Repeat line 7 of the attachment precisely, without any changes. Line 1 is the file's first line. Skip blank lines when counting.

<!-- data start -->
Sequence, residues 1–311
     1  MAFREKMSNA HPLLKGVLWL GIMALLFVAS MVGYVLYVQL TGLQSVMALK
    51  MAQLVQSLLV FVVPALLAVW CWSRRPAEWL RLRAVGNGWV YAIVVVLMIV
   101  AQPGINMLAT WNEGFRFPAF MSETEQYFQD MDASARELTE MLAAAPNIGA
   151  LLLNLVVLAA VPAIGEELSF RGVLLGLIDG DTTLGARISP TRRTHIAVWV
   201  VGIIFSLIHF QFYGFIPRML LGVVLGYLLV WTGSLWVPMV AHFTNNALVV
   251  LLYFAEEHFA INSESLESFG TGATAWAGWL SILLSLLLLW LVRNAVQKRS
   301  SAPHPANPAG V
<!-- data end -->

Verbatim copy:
   251  LLYFAEEHFA INSESLESFG TGATAWAGWL SILLSLLLLW LVRNAVQKRS